Bonds are a subject we've been discussing in this space and elsewhere for more than a year. Over and over again we've explain the relationship between bond prices and interest rates, along with the risks faced by bondholders in an environment of rising rates.
The other side of the same coin - the lending market and the desperation of investors for yield - has received comparatively less attention. In just the past few days there have been a number of developments which highlight the issue and are worth consideration.
First, in Wednesday's Wall Street Journal (and receiving considerable attention on the radio's Wall Street Journal Report) is a story about the recent growth of online peer-to-peer lending platforms. Essentially what these sites allow people to do is lend and borrow directly with one another, removing banks from their typical role as intermediaries in that process.
Basically what we're seeing is an explosion of sites that are just like Kickstarter, but for personal lines of credit. Granted, this system probably won't work out in the long run (problems with due diligence and delinquency seem apparent) but that's beside the point. In the meantime, it is an excellent case showing the desperation of investors searching for yield on excess cash.
What is most insightful about this development is the major problem being faced by new "P2P" lending platforms: they're having trouble finding borrowers - not lenders. In this respect, the platforms are now facing the same problem banks have been for the past four years: there simply hasn't been any demand for loans.
As a result, banks have been sitting for the past several years on humongous and growing mountains of excess cash reserves. They simply haven't been lending money, mostly because there has been so little demand to borrow. Apparently much of the American public learned their lesson in 2007/2008, and has cut down on debt in an effort to avoid overextending themselves.
In an effort to spur economic activity by encouraging borrowing, Ben Bernanke's Fed has long-maintained a cheap money policy by keeping interest rates unreasonably low. Unfortunately, rates have remained too low for too long, and the Fed's biggest weapon has lost its effectiveness. Americans have seen rates so low for so long that they no longer seem them as sufficient motivation to borrow. There has been no rush to borrow because most Americans still think rates will be just as low going forward.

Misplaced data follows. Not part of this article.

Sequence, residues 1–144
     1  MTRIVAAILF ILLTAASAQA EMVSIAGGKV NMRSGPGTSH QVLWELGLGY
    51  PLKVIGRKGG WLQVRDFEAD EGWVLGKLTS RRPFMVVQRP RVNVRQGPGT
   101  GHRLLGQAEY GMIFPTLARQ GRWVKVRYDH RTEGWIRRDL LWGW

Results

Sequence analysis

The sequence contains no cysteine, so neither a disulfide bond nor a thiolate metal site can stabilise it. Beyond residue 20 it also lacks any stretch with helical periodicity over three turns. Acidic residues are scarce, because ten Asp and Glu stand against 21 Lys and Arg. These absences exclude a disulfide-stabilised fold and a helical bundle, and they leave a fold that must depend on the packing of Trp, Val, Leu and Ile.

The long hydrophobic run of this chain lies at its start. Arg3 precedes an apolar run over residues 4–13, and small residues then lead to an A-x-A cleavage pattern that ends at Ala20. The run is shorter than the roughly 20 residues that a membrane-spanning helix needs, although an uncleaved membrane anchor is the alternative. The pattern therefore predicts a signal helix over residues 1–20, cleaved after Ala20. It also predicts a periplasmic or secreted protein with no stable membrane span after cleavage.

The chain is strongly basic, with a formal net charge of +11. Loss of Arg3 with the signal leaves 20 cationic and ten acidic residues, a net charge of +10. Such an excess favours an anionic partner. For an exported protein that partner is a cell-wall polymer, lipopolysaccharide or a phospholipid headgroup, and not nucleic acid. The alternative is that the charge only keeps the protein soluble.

Now, as interest rates have started to tick up, there has been another new [and very revelatory] development. On Tuesday President Obama spoke in Phoenix about the housing market. Among other remarks, the President indicated that he plans to make a move to unwind government-sponsored mortgage guarantors Fannie Mae and Freddie Mac - both of whom received massive government bailouts in the fallout of the 2007 housing bubble burst.
The potential consequences of such a move may not be readily apparent, but rest assured they may be deep and far-reaching. Since 2008 there has been almost no market for home mortgages in this country - investors simply refuse to buy them from banks unless they have Fannie or Freddie seals of approval. In fact, almost every mortgage written in this country since the meltdown has had to pass through one of those two organizations before it could be sold to investors in the open market. Every single mortgage under about $400,000 has had to pass through Fannie or Freddie's hands.
What Fannie and Freddie have been able to do is allow banks to package home loans and sell them to investors, getting them off banks' balance sheets in exchange for more cash that banks can go lend. Without Fannie or Freddie guarantees, interest rates would be through the roof because banks and investors would demand more compensation for the risks they incur of potential defaults.
If Fannie and/or Freddie disappear, there are going to be major changes made to US lending markets. Banks may be forced to keep a significantly larger portion of loans they write, rather than packaging them for sale to investors and thereby shifting the risks of default, early repayment, etc. Otherwise, they'll likely have to raise rates (read: encourage the coming rise in interest rates) in order to provide investors with sufficient reward for the risks they assume when buying packaged loans.